The world’s 40 largest mining companies have registered the first collective loss of US$27 billion in 2015, a period of high debt which saw some miners fighting for survival and therefore committing to asset sales.
This has emerged from a report released by PricewaterhouseCooper (PwC), which also states that the sector’s market capitalisation has gone down by 37% in the same period.
The US$27 billion record loss set by the 40 miners has effectively wiped out all the gains made during the commodity super cycle, the 13th PwC industry series, which analyses financial performance and global trends, said.
“Last year was undoubtedly challenging for the mining sector. The Top 40 experienced their first ever collective net loss, their lowest return on capital employed, a significant drop in market capitalisation, and an overall decline in liquidity with the result that they were more vulnerable and carrying heavier debt loads than in prior years,” PwC Africa mining industry leader Michal Kotzé said in a statement.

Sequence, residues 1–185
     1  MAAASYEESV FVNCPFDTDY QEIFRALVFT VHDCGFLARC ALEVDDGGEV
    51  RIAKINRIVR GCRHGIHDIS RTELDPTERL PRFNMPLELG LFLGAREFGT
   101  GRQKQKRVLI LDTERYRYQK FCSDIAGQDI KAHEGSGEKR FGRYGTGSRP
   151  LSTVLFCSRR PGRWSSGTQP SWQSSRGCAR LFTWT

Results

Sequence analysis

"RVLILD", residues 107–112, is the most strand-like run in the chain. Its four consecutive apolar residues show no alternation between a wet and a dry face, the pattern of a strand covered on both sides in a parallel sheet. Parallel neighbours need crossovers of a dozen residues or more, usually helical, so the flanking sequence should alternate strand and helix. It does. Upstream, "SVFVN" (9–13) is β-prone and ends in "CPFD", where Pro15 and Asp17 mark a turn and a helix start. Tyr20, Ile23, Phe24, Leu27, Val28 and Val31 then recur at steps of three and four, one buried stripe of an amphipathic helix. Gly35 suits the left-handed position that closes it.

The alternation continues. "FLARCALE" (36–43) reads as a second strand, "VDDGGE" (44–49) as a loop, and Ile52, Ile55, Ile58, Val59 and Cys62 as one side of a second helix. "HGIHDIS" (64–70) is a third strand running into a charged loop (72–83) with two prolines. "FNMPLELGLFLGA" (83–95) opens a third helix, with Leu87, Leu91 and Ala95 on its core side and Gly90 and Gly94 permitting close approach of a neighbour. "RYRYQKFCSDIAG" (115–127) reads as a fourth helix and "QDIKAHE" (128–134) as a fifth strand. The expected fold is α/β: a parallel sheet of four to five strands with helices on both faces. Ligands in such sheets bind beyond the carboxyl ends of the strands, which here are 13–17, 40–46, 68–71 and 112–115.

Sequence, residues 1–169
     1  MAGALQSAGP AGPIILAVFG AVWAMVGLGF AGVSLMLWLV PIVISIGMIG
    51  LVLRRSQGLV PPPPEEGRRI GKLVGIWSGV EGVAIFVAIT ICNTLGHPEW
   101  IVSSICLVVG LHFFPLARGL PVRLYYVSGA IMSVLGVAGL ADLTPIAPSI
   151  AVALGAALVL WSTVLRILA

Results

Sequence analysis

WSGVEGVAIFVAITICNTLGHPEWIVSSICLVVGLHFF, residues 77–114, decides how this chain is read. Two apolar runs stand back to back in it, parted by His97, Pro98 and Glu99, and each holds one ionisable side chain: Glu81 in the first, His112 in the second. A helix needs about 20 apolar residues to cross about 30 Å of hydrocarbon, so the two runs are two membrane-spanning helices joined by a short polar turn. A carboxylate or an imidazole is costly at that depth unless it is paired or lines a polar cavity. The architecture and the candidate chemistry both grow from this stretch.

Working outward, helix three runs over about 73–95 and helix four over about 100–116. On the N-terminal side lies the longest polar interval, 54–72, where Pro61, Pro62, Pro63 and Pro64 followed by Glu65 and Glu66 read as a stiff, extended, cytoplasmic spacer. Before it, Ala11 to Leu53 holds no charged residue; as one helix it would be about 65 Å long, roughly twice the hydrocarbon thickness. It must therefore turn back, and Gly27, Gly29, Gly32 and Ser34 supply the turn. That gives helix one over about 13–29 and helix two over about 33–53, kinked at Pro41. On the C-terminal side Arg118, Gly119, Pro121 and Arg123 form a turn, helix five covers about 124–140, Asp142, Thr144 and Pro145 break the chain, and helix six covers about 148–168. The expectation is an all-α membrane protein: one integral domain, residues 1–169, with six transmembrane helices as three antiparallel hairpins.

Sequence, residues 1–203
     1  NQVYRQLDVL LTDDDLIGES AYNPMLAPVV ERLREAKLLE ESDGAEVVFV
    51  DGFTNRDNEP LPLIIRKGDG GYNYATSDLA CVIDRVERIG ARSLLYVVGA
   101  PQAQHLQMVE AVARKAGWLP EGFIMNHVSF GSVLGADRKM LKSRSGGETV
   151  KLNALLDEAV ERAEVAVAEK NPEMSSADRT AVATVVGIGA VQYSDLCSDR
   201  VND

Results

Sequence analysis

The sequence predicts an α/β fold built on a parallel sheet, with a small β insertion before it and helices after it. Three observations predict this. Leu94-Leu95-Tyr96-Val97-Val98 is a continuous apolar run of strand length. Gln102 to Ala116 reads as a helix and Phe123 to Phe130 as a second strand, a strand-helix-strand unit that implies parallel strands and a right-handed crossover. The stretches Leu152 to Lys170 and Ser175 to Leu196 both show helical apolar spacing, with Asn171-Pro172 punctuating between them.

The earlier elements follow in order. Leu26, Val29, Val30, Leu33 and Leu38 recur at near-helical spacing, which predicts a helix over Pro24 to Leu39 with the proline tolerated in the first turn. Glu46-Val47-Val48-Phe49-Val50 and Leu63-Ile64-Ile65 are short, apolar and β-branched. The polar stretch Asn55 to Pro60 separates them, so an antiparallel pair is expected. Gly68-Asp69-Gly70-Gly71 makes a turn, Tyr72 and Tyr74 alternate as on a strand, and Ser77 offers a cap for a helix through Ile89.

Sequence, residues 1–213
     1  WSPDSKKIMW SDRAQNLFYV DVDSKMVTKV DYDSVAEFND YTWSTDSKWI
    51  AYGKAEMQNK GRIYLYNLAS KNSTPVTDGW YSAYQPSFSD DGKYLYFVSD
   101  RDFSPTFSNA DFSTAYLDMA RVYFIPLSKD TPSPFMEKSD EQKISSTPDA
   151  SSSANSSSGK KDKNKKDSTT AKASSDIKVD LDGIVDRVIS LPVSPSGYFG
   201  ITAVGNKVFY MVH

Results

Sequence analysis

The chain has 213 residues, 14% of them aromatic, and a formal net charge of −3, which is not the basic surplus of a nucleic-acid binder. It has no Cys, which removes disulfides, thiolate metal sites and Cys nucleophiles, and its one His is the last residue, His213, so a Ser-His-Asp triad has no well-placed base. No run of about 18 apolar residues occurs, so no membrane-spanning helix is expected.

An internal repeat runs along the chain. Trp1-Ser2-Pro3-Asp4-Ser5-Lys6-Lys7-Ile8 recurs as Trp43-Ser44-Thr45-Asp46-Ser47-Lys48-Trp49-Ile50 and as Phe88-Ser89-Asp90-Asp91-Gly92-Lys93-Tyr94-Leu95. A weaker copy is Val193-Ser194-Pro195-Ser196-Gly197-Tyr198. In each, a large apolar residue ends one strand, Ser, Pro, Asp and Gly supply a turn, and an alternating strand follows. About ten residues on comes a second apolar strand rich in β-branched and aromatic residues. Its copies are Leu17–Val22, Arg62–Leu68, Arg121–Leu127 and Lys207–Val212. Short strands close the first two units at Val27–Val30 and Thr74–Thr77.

“We are also seeing shareholders persist with a short term focus, impacting the capital available for investment and, as a result, constraining options for growth.”
But an optimistic Kotzé emphasised that the fact that many miners seemed to be down, they were certainly not out.
Furthermore, other findings of the report include the investors’ ‘punishment’ of the top 40 for poor investment and capital management decisions, and in some quarters for squandering the benefits of the boom.
Concerns over the ‘spot mentality’ from shareholders focused on fluctuating commodities prices and short term returns rather than the long term investment horizon required in mining.